By Alison Taylor
In less than two months Reena Verma, human resources director at the Four Seasons, will need roughly 200 more workers at her hotel.
Primarily she’s looking for housekeepers, stewards, and dishwashers — the jobs that are always toughest to fill.
She knows it’s not going to be easy, as Whistler heads into the 2006-07 winter season facing what may be the biggest labour shortage in the resort’s history.
In this competitive climate, said Verma, there’s a war on in Whistler for talented workers.
When federal Citizenship and Immigration Minister Monte Solberg met with select local businesses last week Verma and others impressed upon him the labour issue plaguing the resort as the winter season draws closer.
“He understands the challenges that we’re having,” said Verma.
“We’re not talking a year from now. We’re talking in four or five weeks time.”
Solberg met Friday with representatives from the hotel, construction and recreation sector, along with Whistler-Blackcomb, Tourism Whistler, and the Whistler Chamber of Commerce. He later went on a village tour and spoke to several store operators.
“He seemed very receptive and open to hearing our suggestions,” said Louise Lundy, president of the chamber of commerce, which hosted the meeting.
“He definitely understood that we have an issue here, and it’s not just Whistler.”
While Solberg did not announce any federal changes to address the labour issue last Friday, there was a hint that an announcement may be made later in the fall.
The group discussed extending the current Working Holiday Visa Program from one year to two years as a way of dealing with the labour crunch.
Lundy said that change would not require a legislation change and as such could be implemented in the short term.
That could help someone like Doug Washer, owner/operator of Canadian Snowmobiles, who was also part of the working sessions.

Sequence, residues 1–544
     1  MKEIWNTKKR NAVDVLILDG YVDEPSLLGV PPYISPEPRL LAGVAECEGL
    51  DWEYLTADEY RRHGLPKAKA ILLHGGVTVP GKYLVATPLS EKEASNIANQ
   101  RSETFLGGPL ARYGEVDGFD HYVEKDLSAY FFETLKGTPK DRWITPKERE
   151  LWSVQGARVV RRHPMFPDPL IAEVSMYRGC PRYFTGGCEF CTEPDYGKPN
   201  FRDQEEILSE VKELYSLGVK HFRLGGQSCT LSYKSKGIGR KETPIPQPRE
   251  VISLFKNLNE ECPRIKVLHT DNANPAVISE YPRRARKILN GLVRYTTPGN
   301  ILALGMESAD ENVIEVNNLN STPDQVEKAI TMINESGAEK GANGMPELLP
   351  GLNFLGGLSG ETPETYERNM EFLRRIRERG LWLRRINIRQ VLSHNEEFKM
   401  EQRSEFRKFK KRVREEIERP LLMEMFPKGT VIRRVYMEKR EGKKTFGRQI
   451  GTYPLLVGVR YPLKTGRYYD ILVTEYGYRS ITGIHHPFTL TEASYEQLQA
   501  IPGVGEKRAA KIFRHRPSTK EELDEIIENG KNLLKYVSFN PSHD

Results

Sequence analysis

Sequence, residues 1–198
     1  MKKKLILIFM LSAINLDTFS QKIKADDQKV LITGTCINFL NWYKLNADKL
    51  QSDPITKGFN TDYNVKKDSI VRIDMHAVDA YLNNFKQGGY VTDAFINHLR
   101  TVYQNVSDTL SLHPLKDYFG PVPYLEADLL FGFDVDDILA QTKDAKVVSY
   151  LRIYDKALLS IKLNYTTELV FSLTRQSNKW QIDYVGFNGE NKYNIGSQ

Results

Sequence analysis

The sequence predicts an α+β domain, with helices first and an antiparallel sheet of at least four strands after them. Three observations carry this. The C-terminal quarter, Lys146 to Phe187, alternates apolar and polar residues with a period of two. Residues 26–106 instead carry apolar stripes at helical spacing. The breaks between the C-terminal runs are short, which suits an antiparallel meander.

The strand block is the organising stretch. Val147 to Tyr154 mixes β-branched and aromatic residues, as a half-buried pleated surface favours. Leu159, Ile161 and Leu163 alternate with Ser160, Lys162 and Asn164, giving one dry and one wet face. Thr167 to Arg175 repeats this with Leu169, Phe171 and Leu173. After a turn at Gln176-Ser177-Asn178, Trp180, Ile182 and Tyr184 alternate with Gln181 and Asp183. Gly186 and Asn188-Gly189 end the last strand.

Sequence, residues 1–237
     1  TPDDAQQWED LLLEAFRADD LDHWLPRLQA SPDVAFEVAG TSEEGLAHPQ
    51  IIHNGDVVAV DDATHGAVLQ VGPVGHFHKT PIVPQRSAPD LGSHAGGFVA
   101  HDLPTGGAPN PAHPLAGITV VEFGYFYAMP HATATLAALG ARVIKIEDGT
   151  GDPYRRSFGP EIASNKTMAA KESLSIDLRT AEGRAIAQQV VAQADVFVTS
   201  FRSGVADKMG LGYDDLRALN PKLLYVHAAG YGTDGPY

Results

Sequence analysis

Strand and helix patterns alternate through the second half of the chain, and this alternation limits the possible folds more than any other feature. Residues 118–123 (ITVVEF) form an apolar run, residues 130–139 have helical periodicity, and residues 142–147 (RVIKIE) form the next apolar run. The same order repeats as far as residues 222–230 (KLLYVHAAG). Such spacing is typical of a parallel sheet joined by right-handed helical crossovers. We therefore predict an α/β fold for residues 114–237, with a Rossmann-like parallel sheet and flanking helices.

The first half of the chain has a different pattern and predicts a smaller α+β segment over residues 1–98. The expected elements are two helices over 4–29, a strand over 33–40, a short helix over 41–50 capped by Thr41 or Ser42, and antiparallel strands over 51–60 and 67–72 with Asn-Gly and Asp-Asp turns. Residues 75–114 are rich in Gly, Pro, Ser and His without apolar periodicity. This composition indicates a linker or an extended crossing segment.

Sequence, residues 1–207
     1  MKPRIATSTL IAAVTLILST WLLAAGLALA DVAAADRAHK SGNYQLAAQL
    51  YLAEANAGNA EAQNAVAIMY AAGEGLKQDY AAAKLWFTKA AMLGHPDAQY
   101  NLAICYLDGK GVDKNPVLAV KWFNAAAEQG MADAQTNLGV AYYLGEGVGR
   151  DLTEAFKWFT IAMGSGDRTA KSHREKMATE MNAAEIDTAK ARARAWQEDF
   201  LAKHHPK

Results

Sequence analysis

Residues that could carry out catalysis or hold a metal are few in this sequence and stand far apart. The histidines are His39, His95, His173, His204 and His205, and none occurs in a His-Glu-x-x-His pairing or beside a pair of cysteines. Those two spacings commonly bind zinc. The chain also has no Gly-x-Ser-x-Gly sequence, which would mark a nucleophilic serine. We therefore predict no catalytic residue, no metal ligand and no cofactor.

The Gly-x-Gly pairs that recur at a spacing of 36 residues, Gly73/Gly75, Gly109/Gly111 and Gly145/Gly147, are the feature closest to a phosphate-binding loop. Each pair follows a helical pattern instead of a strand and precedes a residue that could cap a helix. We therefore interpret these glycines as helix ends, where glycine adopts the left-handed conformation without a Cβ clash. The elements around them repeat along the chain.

“For us to be able to keep staff longer term obviously helps the bottom line because we’re not training as much and we have a stronger skill set that we’re drawing upon each year, and that’s really important to an operation like ours,” said Washer.
Verma is not convinced that will have as strong an impact on her labour shortages at the Four Seasons. She would like to see the government simplify the process for bringing in foreign workers to fill the positions in the hotel.
“Right now the process is quite elaborate and cumbersome,” she said.
Lundy said the minister explained some of the challenges he faces around security issues, which makes it difficult to increase quotas for foreign workers and landed immigrants.
And she recognized that lobbying the federal government for change is just one part of the puzzle.
The chamber is in the process of recruiting a Human Resources Development Officer to do the long term planning to meet the labour challenges, which will include tapping into every available labour source — locally, nationally and internationally.
“We’re just hoping that by the time the snow flies our efforts have paid off and kids are showing up to come to work and that we’re doing a good job of retaining people as well,” said Lundy.
Friday’s chance to air their concerns to the minister was very much appreciated said Washer, bringing attention to the fact that the labour issue is affecting tourism.
Attracting and retaining quality workers will be critical for Whistler to remain competitive in the marketplace, he added.